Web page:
In this Atlantic opinion piece, Amanda Glassman, director of Global Health Policy at the Center for Global Development (CGD), reports on how “lengthy, inefficient review processes” or “non-existent regulatory capacity” in some developing countries for drug and vaccine candidates waiting in the pipeline is keeping new medicines, vaccines, and diagnostic techniques from reaching millions in need. Glassman highlights a number of trials that were delayed due to regulatory and ethical approval processes, writing, “Not only do these delays prevent access to effective treatments by a growing number of patients,” but “they can lead to unnecessary costs that eat away at already small budgets to find new cures for neglected diseases.”
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In this paper published in the Journal of the International AIDS Society, researchers from South Africa, Namibia, Brazil, and the U.S. “explore the existing evidence related to global and country-specific barriers to safe abortion for all women, with an emphasis on research gaps around the right of women living with HIV…
In this post in the Huffington Post’s “Impact” blog, Charles Lyons, president and CEO of the Elizabeth Glaser Pediatric AIDS Foundation, responds to Secretary of State Hillary Clinton’s speech at the NIH last week in which she called for an “AIDS-free generation,” writing, “As Secretary Clinton pointed out, we’ve never before had as many tools to get ahead of the disease as we do now,” such as male circumcision and treatment as prevention, “[b]ut one of the cornerstones of her strategy to create an AIDS-free generation is a tool we’ve actually had in our arsenal for a long time: the ability to prevent mother-to-child transmission of HIV.”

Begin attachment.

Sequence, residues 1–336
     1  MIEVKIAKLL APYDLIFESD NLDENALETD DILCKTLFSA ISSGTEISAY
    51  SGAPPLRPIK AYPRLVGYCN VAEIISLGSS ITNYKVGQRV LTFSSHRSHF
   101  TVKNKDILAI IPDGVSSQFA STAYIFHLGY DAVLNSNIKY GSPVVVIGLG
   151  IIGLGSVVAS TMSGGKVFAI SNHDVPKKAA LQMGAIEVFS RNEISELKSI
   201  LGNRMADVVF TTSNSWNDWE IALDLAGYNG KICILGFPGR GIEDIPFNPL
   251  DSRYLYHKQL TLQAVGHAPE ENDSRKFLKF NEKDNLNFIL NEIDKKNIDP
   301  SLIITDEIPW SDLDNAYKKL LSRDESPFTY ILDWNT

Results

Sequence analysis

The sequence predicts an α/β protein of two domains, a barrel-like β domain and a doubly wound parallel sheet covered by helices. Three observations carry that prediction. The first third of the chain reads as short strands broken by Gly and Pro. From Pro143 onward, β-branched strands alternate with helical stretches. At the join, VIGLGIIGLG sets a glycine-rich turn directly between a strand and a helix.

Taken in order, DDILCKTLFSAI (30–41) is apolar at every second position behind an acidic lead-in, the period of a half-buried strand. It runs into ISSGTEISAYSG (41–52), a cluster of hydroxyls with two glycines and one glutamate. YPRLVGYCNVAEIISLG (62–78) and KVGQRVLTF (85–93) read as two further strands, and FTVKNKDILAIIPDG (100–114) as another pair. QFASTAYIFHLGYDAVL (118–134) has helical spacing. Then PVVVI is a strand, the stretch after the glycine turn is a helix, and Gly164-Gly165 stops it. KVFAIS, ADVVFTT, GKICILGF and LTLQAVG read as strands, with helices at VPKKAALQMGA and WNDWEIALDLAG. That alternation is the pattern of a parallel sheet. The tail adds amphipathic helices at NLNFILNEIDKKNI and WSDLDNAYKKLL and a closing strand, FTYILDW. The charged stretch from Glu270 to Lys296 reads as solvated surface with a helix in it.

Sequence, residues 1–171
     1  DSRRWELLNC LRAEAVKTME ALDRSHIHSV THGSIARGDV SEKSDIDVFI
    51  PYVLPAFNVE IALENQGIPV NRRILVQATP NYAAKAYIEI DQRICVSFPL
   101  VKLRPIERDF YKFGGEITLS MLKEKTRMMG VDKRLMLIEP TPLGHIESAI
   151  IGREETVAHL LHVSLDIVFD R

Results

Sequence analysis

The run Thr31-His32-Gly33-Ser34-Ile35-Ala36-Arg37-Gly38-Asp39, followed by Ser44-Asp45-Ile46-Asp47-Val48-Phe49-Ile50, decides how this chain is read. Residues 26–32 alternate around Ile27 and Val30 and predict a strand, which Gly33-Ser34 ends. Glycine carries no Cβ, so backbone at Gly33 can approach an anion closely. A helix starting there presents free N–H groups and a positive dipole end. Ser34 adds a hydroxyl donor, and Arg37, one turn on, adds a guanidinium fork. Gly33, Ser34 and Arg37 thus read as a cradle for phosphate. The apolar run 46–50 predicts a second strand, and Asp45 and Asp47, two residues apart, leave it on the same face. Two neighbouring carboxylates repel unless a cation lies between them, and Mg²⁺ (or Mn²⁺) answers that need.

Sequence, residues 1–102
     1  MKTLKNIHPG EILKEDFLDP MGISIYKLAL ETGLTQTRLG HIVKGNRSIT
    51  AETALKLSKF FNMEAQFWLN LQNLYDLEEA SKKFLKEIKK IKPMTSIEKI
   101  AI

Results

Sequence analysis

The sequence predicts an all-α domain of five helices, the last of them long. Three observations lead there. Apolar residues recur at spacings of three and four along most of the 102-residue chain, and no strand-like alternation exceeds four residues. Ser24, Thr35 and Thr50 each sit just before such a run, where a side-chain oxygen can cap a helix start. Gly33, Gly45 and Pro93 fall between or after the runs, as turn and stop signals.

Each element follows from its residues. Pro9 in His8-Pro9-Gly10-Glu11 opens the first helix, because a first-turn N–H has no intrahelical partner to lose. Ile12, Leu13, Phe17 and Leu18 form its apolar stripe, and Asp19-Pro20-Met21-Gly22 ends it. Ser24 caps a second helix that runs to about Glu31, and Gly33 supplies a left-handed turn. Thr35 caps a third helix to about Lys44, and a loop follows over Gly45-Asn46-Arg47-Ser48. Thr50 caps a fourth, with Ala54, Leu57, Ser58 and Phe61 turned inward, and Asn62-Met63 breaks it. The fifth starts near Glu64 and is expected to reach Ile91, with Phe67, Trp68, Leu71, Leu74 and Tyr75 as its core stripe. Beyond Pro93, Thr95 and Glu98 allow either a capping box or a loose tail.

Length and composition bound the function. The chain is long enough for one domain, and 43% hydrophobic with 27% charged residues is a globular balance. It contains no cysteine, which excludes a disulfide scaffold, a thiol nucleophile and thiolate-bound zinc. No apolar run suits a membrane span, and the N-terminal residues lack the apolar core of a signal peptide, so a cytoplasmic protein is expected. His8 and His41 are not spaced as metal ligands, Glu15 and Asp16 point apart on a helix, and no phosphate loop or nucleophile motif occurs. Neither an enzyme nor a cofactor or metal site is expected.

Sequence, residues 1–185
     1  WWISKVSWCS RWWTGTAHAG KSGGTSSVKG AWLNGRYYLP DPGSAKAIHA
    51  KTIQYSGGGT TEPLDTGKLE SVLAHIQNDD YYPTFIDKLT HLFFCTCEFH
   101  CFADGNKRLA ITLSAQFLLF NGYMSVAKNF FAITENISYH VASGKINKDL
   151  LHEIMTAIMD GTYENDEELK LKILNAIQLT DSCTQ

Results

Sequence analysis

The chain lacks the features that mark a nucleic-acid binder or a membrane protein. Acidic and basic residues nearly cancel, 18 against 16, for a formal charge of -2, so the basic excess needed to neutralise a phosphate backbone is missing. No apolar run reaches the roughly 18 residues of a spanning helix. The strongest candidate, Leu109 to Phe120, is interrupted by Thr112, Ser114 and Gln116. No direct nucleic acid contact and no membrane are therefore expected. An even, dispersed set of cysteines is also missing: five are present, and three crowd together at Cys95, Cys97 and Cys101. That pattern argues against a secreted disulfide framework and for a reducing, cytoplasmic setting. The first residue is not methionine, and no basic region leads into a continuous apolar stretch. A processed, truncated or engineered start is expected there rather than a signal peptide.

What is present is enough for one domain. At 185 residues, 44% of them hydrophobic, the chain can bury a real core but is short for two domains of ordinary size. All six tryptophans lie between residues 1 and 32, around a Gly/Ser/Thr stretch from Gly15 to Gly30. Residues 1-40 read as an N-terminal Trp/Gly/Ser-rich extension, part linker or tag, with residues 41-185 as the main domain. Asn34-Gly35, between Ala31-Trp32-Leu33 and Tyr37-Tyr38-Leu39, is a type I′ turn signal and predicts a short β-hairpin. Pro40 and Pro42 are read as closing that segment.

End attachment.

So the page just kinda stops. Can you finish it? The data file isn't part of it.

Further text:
VOA News examines the Eugene Bell Foundation’s work in North Korea to detect and treat patients with multiple-drug resistant tuberculosis (MDR-TB). The foundation is treating about 600 patients in North Korea, where “[c]onditions … are ideal for the spread of TB. The climate is cold. Most citizens live and work in small spaces, and lack proper nutrition to maintain a strong immune system,” VOA writes (Herman, 11/11).
Ethiopia has reduced its child mortality rates by more than half since 1990, from about 20 percent to 8.8 percent, “through campaigns to increase the number of health workers and clinics throughout the country, government and aid officials said on Friday,” Reuters reports. “Reducing malnutrition, which is an underlying factor in at least half of all under-five deaths, has had a profound impact on the survival rates of children,” Ethiopia State Minister of Health Keseteberhan Admassu “told a gathering of representatives of United Nations agencies,” according to the news agency. “Keseteberhan said the nationwide malnutrition rate has been slashed by 32 percent, with prevalence to being underweight dropping to 28.7 percent in 2010 from 42.1 percent in 2000,” Reuters writes (Maasho, 11/11).
Leia Isanhart Balima of Catholic Relief Services writes in this ONE blog post about the successes of the AIDSRelief program in Rwanda, and how that country’s Ministry of Health has taken ownership over operations. The program is funded by PEPFAR, and Catholic Relief Services is the lead agency for AIDSRelief in…